Protists are essential sources of nutrition for many other organisms. In some cases, as in plankton, protists are consumed directly. Alternatively, photosynthetic protists serve as producers of nutrition for other organisms by carbon fixation. For instance, photosynthetic dinoflagellates called zooxanthellae pass on most of their energy to the coral polyps that house them (Figure 13.19). In this mutually beneficial relationship, the polyps provide a protective environment and nutrients for the zooxanthellae. The polyps secrete the calcium carbonate that builds coral reefs. Without dinoflagellate symbionts, corals lose algal pigments in a process called coral bleaching, and they eventually die. This explains why reef- building corals do not reside in waters deeper than 20 meters: Not enough light reaches those depths for dinoflagellates to photosynthesize.
Protists themselves and their products of photosynthesis are essential—directly or indirectly—to the survival of organisms ranging from bacteria to mammals. As primary producers, protists feed a large proportion of the world’s aquatic species. (On land, terrestrial plants serve as primary producers.) In fact, approximately one-quarter of the world’s photosynthesis is conducted by protists, particularly dinoflagellates, diatoms, and multicellular algae.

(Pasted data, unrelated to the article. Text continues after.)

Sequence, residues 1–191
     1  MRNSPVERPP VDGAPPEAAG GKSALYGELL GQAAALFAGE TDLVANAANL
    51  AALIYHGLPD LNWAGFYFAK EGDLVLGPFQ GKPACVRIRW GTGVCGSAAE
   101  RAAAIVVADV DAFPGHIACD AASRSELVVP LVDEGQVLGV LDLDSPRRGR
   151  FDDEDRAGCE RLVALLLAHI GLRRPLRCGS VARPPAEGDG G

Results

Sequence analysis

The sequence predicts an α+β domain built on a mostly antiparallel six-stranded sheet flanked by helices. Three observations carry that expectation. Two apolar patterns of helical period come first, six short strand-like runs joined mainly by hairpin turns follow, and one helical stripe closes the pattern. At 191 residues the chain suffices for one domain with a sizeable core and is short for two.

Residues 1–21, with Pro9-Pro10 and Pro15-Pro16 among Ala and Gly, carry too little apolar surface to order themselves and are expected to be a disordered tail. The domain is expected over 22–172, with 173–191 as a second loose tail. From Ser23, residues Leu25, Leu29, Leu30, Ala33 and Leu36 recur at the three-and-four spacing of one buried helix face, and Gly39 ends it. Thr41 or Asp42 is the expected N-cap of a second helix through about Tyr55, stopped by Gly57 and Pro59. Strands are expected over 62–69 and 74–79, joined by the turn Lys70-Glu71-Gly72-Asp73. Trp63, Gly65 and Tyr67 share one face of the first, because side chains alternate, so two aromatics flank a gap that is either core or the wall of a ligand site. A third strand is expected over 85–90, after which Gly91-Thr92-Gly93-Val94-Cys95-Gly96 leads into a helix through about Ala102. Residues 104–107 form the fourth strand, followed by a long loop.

Protists do not create food sources only for sea-dwelling organisms. For instance, certain anaerobic species exist in the digestive tracts of termites and wood-eating cockroaches, where they contribute to digesting cellulose ingested by these insects as they bore through wood. The actual enzyme used to digest the cellulose is actually produced by bacteria living within the protist cells. The termite provides the food source to the protist and its bacteria, and the protist and bacteria provide nutrients to the termite by breaking down the cellulose.